I’m watching “The Wendy Williams” show and she’s reporting on R&B singer, Rueben Studdard, who has joined the cast of NBC’s “Biggest Loser.” Wendy has quoted Rueben as saying that he wonders why his friends never told him he needed to lose weight. While I don’t know if the statement attributed to him is accurate or not, I don’t like it. Here’s why: Continue reading
Your body is your temple. I don’t mean this in the Biblical sense. However, you can go with the Biblical meaning, if you’d like. Its one of the few things in the Bible that isn’t debatable. After all, you only get one. Yes, science has allowed us to…
Your body is your temple. I don’t mean this in the Biblical sense. However, you can go with the Biblical meaning, if you’d like. Its one of the few things in the Bible that isn’t debatable. After all, you only get one. Yes, science has allowed us to order replacement parts. It has also allowed us to cure many of the things that used to kill us. But the fact remains you only get one body. It is for this reason that we must take care of the one we’ve got.
I try to exercise at least two days a week. Sometimes I exceed this, most times, I don’t. Sometimes I fail, miserably, and don’t burn a single calorie through exercise. I don’t workout because I enjoy it. In fact, I actually HATE working out. I hate it with a passion! There are a couple of reasons why I workout. One reason is that I like to eat and I want to do so without weighing 5,000 lbs. All the old Discovery Health Channel shows on obesity fascinate me. I’ve joked that those shows were my diet plan. Just watching them will make you want to NEVER be in that position. How humiliating it must be to have a wall removed from your home and have a crane or forklift come to your home to hoist you out of the hole in the house? I also workout because I know I should. Research tells us that watching what we eat and getting out to exercise, even if its just walking helps us to lead longer, healthier lives. Also, I’ve inherited the traits for some pretty ugly diseases that are linked to, or exacerbated by, obesity. Therefore, I’m trying to outrun heredity for as long as I can.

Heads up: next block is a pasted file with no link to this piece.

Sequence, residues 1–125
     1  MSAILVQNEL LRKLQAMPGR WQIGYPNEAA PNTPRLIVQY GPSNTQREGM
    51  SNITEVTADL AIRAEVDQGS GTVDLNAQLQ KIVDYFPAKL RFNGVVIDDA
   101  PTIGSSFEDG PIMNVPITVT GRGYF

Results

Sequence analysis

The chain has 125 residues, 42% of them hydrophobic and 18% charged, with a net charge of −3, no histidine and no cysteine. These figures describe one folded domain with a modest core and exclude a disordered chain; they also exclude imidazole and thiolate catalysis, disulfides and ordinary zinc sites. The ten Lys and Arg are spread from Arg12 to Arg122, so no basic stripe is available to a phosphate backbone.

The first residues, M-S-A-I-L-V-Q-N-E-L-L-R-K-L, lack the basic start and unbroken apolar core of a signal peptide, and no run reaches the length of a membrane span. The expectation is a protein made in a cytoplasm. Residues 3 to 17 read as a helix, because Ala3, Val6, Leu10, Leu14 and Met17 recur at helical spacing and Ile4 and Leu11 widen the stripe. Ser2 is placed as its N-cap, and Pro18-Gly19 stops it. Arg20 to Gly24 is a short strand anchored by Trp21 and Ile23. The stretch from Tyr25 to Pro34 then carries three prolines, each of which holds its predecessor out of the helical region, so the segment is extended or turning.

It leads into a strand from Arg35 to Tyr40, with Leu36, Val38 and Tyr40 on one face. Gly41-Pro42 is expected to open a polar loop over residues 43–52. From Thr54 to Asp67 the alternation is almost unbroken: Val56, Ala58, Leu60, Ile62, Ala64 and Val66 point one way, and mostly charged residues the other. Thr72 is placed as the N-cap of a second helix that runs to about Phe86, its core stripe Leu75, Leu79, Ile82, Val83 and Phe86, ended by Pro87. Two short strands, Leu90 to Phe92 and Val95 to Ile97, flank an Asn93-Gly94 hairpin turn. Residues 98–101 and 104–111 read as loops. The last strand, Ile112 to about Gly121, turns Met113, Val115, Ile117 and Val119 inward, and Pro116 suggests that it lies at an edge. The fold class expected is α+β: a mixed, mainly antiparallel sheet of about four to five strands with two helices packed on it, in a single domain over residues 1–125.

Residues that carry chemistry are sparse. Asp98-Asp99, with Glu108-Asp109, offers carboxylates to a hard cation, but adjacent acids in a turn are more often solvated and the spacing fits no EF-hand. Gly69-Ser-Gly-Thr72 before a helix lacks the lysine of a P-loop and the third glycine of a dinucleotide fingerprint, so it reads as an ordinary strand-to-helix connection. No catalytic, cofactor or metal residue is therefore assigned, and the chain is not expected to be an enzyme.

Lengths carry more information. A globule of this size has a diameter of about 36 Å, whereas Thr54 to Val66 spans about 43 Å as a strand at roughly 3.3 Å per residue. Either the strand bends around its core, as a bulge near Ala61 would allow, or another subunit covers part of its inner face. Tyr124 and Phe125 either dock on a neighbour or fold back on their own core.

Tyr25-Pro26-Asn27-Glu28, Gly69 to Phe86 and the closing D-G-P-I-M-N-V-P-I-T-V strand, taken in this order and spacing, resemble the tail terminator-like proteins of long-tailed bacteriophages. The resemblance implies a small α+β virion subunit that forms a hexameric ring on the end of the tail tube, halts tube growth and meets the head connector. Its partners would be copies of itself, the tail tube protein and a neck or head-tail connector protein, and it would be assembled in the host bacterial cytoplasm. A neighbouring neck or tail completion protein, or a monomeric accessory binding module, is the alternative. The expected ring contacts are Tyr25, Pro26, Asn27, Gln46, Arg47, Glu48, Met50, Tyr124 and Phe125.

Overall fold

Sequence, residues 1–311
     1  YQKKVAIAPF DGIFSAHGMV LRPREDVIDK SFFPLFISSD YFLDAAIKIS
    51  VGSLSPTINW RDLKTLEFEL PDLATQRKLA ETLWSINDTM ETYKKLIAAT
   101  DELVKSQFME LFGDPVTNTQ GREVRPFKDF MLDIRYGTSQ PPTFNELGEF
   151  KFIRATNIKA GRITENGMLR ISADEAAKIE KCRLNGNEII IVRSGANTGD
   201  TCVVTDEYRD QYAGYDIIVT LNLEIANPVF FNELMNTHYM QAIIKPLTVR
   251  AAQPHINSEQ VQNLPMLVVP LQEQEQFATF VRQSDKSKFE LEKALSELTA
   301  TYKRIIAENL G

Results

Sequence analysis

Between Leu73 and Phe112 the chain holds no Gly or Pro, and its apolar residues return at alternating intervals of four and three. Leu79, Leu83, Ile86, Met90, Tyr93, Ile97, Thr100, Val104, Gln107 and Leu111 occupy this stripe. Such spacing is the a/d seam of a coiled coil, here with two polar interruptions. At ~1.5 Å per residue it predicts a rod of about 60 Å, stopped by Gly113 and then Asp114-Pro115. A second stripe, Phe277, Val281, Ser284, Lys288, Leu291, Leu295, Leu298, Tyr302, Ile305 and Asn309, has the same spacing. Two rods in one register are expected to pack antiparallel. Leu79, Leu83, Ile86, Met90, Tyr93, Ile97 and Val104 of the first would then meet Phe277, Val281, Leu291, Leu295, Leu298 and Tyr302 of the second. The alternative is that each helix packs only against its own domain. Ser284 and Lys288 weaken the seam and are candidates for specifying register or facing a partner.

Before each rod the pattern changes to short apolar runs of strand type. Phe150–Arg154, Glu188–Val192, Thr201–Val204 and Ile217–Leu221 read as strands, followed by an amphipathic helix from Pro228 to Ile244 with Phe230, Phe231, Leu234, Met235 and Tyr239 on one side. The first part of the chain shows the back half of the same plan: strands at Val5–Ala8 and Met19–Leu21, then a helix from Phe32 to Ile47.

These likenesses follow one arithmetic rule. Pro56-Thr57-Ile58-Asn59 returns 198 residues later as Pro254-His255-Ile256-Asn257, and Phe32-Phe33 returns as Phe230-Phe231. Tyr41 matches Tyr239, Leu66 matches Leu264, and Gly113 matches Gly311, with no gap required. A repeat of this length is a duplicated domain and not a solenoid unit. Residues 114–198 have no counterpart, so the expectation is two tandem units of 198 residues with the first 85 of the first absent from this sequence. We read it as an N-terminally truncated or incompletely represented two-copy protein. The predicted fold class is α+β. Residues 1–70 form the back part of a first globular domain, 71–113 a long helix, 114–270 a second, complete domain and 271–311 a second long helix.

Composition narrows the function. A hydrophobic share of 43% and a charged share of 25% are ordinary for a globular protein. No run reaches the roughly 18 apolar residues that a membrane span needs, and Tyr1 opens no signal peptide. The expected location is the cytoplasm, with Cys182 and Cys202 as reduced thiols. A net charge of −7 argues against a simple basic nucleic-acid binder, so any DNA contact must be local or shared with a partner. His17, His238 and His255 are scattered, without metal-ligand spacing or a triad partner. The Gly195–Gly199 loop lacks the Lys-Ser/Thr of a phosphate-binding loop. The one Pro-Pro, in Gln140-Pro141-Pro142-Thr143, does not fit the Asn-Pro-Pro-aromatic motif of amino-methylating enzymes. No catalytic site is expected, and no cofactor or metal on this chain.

A few weeks ago, I met a woman who seemed to be young and healthy. After talking to her for a while, I discovered that she had recently been diagnosed with Type 2 Diabetes. Her diagnosis came about as a result of trip to the emergency room when she wasn’t feeling well. A check of her blood sugar levels revealed that her diet, and perhaps lack of exercise, had resulted in an extreme spike in her blood sugar levels that left her hospitalized for days. She’s the third young person I know to have had this sort of scare.
Most times, our bodies will tell us when it’s time for us to make changes. We get headaches, joint aches, we become nauseous, we have trouble breathing or we just don’t feel well. Other times, we don’t get any warnings at all. I know plenty of people who either ignore their symptoms or excuse their poor diet and exercise habits by saying, “I don’t need to be skinny.” It’s not about being skinny. It’s about being healthy. I’ve had others say to me, “All of my vitals are good. I don’t have high blood pressure, high cholesterol or diabetes. So I’m fine.” They’re right. They are fine . . . right now.
When you’re carrying excess weight, when you’re eating any and everything that crosses your path, when you’re leading a sedentary lifestyle, you’re a ticking time bomb. It might not be today, or tomorrow or even next month, but the lifestyle will eventually catch up to you. If you’re lucky, it will catch up to you in the form of symptoms rather than sudden death. It’s happened. I’ve seen it. Do me a favor and try not to be next.